Featured Research

from universities, journals, and other organizations

Blue tits provide insight into climate change, bird study shows

Date:
April 15, 2013
Source:
University of Lincoln
Summary:
Researchers believe that the size of birds’ nests created in response to changing weather patterns may be partly to blame for reproductive failures over the last two years.

Blue Tit.
Credit: Image courtesy of University of Lincoln

Researchers believe that the size of birds' nests created in response to changing weather patterns may be partly to blame for reproductive failures over the last two years.

An article in the April edition of The Biologist, the Society of Biology's magazine, explains that birds produce different sized nests depending on the weather.

Written by Dr Charles Deeming, senior lecturer at the University of Lincoln and a Fellow of the Society of Biology, the article explains that nests are far more than just a way to hold eggs and chicks.

Dr Deeming said: "Over the past few years scientific interest in nests has increased, with studies ranging from nest composition, construction behaviour and thermal properties to the use of nests as potential signals to mates. We've realised that the factors affecting nest construction are far more complex than we had previously understood."

Dr Deeming's studies of great tits and blue tits breeding in nest boxes at the University's Riseholme Park campus have shed light on how nests are built and how they function.

He found that individual birds can build extremely different nests each year. Cold weather on the days the bird was adding lining to the nest meant they built heavier nests than when the weather was warmer. This suggests that an important function of the nest is to keep the bird warm while it sits on the eggs. Once the nest is lined, the female will lay the first egg, which will be incubated for around two weeks. This means a larger, warmer nest will be important for keeping the bird warm if the weather is cold.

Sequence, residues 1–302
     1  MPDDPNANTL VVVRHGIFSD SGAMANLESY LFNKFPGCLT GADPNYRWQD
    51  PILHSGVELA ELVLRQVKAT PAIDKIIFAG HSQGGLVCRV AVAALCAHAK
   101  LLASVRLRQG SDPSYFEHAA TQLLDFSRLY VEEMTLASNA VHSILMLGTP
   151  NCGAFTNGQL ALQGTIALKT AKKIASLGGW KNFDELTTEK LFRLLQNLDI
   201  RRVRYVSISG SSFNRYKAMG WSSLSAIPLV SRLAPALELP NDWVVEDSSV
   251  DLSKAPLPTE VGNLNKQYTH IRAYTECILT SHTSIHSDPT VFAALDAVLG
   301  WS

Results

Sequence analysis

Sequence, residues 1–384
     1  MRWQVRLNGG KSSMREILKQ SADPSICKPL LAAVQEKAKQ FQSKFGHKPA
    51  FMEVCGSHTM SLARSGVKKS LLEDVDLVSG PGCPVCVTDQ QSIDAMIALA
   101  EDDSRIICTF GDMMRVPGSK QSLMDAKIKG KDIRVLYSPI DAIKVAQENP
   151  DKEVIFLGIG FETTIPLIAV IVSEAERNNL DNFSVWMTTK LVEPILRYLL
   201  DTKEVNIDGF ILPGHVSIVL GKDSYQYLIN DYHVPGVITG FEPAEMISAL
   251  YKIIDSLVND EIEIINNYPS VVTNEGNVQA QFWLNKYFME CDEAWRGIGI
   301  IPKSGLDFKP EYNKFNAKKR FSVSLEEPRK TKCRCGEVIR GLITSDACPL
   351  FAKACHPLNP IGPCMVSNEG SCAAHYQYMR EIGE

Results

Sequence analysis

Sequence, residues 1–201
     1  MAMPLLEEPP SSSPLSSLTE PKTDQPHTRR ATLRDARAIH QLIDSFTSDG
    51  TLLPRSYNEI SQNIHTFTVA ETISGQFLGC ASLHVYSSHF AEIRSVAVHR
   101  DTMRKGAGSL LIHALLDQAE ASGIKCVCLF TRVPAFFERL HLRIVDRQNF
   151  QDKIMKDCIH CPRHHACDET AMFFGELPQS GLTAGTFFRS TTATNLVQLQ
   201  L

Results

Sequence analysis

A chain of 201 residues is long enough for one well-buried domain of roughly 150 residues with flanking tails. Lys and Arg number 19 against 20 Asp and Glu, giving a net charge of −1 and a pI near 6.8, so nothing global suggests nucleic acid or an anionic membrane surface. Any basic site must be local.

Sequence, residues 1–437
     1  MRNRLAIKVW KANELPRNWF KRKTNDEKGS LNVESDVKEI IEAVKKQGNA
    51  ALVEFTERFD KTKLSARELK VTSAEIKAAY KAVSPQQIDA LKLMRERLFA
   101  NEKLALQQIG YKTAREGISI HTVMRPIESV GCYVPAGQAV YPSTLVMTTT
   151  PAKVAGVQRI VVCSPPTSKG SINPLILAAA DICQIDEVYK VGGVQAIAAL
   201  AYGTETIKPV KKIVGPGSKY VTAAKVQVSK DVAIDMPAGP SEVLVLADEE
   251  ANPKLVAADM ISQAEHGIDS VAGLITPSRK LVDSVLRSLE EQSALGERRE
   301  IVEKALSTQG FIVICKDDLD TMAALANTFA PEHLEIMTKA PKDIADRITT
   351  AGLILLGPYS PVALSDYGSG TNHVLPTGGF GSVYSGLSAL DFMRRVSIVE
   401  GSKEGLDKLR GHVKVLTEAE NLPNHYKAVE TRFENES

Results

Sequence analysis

However, as climate change brings more unpredictable weather patterns the way birds construct nests will be affected. In both 2011 and 2012, for example, early spells of warm weather were followed by much lower temperatures.

At Riseholme, this seems to have had devastating effects on reproductive success. Birds building in these early warm periods are likely to construct a light, poorly insulated nest. If the weather subsequently turns cooler, having a poorly insulated nest may have an adverse effect on their reproductive success.

Birds use a wide range of materials in their nests, from moss to sheep's wool, and their availability may also be altered by climate change. Certain plants may go extinct in local areas, so some species could lose a key nesting material.

Dr Mark Downs, chief executive of the Society of Biology, said: "Climate change will have a large effect on our ecosystems and our food production, and Dr Deeming's is one of many studies demonstrating that the effects will be complex and difficult to predict. It is essential that we continue to study how organisms adapt to climate change and how we can best mitigate its effects."

Dr Deeming concludes: "Much more research is needed to determine how local climate affects nest construction. Only then will we start to understand how climate change is likely to affect nest building, and hence reproductive success."